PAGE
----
Media and consumers with questions regarding the public health alert can contact Debbie Robinson, Vice President of Customer Service, Empire Packing, at drobinson@empirepk.com.

Consumers with food safety questions can call the toll-free USDA Meat and Poultry Hotline at 888-MPHotline (888-674-6854) or live chat via Ask USDA from 10 a.m. to 6 p.m. (Eastern Time) Monday through Friday. Consumers can also browse food safety messages at Ask USDA or send a question via email to MPHotline@usda.gov. For consumers that need to report a problem with a meat, poultry, or egg product, the online Electronic Consumer Complaint Monitoring System can be accessed 24 hours a day at https://foodcomplaint.fsis.usda.gov/eCCF/.

Product Images

Company Information

ESTABLISHMENT ID
PROCESSING CATEGORY

Raw – Non Intact

Company Contact Information

COMPANY MEDIA CONTACT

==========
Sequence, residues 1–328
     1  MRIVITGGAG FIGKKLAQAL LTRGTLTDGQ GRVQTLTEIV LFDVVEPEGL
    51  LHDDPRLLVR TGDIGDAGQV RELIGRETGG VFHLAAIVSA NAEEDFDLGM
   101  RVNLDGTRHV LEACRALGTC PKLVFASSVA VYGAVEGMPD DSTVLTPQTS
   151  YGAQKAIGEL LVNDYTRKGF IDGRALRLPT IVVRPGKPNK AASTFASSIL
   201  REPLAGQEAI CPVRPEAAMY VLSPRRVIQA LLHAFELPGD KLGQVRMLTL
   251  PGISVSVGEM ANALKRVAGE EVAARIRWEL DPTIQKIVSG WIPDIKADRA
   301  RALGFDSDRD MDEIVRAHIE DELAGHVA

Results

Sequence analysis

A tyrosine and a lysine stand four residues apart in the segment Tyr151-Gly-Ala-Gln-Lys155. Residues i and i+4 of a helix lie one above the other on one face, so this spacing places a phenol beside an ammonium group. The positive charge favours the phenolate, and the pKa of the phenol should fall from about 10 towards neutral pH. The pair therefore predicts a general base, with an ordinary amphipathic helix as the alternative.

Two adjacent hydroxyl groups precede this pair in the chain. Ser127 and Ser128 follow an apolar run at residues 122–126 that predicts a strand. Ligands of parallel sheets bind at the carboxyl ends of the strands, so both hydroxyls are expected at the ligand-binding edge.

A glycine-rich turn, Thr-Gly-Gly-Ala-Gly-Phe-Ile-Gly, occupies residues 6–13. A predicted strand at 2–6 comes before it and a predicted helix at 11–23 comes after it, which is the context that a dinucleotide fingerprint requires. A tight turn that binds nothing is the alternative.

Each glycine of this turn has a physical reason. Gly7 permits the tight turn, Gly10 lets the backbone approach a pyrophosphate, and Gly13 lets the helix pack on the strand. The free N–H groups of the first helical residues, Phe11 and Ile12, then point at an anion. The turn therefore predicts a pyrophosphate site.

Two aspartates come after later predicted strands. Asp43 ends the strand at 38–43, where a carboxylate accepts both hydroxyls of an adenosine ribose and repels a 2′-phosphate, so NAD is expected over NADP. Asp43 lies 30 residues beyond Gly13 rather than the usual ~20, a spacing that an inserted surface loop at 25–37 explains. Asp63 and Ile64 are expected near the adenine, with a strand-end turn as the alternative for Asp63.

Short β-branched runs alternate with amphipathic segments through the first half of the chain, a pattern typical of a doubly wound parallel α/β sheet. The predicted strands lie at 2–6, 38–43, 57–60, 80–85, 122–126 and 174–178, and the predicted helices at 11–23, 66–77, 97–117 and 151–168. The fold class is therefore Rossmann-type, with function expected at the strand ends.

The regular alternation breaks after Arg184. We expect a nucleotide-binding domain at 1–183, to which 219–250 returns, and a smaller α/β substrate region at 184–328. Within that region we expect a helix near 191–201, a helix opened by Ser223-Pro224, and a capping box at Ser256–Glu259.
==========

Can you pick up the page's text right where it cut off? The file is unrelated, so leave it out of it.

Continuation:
Empire Packing
Debbie Robinson, Vice President of Customer Service

FSIS Contact Information

MEDIA CONTACT
Congressional and Public Affairs
Cody Kahlig
(202)720-9113

USA -Lakeside Refrigerated Services Recalls Ground Beef Products Due to Possible E. coli O103 Contamination

FSIS USDA

WASHINGTON, April 25, 2022 – Lakeside Refrigerated Services, a Swedesboro, N.J. establishment, is recalling approximately 120,872 pounds of ground beef products that may be contaminated with E. coli O103, the U.S. Department of Agriculture’s Food Safety and Inspection Service (FSIS) announced today.

The ground beef products were produced from February 1, 2022, through April 8, 2022. The complete list of products and product codes for the beef products that are subject to recall can be found here. Labels for the ground beef products can be found here.

The products subject to recall bear establishment number “EST. 46841” inside the USDA mark of inspection. These items were shipped to retail locations nationwide.

The problem was discovered during routine FSIS testing of imported products. There have been no confirmed reports of illness or adverse reactions due to consumption of these products.

Many clinical laboratories do not test for non-O157 Shiga toxin-producing E. coli (STEC) such as O103 because it is harder to identify than STEC O157:H7. People can become ill from STECs 2–8 days (average of 3–4 days) after consuming the organism.